Toronto police said officers responded to the park on June 10, 2020 for reports of a woman who was unconscious.
They located a deceased woman who was later determined to have died of natural causes, police said.
She didn’t have any identification with her and no connections were made using her fingerprints or through missing persons reports, police said.
Investigators appealed to the public for help in identifying her and released sketches.
Officers received tips, but none led to her identification, police said.
In early 2021, the DNA Doe Project, an organization that works to name unidentified individuals, approached police regarding the case.
Later that year, the organization received a sample of the woman’s DNA.
“The DNA Doe Project developed, sequenced and compared the DNA from the deceased woman to public genealogical databases,” police said.
“Two people that shared some common DNA with the deceased were identified and investigators began reviewing publicly available information (family trees, obituaries, social media posts etc.) in a further attempt to identify the woman.”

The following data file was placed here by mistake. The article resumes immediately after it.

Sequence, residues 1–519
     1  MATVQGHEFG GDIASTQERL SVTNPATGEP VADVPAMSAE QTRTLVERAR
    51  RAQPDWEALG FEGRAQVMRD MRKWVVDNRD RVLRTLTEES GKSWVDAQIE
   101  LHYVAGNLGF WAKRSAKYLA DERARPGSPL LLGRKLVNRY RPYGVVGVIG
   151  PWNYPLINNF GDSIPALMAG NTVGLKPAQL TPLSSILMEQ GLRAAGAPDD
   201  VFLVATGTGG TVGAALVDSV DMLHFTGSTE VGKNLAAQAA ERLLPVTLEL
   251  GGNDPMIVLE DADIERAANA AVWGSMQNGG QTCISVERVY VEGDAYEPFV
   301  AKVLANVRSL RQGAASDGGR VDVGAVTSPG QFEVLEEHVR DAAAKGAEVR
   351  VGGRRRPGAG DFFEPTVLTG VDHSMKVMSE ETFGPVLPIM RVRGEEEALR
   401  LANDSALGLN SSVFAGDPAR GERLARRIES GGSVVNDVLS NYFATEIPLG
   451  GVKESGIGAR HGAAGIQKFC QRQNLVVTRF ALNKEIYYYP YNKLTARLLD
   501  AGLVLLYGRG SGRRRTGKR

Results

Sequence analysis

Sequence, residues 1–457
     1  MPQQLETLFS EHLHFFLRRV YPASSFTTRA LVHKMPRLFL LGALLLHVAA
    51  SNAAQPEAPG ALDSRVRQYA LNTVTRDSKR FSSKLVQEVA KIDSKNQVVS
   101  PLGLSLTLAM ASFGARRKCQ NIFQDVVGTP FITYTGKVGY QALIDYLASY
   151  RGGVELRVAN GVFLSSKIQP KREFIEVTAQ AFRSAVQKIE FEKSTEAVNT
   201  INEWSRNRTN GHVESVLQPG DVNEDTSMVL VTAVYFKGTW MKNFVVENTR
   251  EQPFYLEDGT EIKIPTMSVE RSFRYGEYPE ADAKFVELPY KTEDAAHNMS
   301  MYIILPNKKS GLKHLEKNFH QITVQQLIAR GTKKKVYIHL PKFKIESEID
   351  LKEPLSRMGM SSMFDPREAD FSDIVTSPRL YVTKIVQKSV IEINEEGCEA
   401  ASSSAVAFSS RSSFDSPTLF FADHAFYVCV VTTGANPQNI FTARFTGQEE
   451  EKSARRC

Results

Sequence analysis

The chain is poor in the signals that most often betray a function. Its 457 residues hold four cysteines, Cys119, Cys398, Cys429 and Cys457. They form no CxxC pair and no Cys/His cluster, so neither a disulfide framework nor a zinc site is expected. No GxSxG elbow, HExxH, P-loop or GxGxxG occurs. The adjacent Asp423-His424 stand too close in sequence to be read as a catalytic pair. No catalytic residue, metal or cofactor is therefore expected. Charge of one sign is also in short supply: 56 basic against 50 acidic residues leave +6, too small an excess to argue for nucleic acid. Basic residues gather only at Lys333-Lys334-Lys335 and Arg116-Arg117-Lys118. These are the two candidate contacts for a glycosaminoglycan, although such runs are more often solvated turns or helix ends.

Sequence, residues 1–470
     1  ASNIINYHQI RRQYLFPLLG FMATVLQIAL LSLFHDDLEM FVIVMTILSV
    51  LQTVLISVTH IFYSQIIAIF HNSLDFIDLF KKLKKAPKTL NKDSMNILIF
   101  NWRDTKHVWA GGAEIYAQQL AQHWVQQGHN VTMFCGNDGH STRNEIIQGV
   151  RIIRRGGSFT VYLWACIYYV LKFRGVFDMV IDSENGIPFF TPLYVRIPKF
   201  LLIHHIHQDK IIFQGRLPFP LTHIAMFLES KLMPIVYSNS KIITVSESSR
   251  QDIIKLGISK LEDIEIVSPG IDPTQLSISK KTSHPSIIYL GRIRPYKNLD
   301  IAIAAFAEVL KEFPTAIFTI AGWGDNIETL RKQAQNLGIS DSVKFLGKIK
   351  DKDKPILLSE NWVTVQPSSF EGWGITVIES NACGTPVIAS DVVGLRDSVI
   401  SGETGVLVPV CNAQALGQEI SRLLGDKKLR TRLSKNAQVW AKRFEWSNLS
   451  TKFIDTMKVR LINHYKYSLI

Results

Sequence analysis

In December, the organization said they had a possible identification. Police then contacted the family of the woman, obtained dental records, and the coroner was able to confirm her identity.
Police said her family does not want her identified at this time.
“When our volunteer investigative genetic genealogists began work on the family tree for this woman they found a number of good connections in the database. In less than a week, they had zeroed in on her identity,” DNA Doe Project team leader C. Lauritsen said.
“The search to find her name was greatly aided by family genealogical projects and having that information significantly enhanced our ability to identify her.”
The organization said the case shows how beneficial it can be for people to voluntarily upload their DNA profiles from sites like Ancestry and 23andMe to a public database.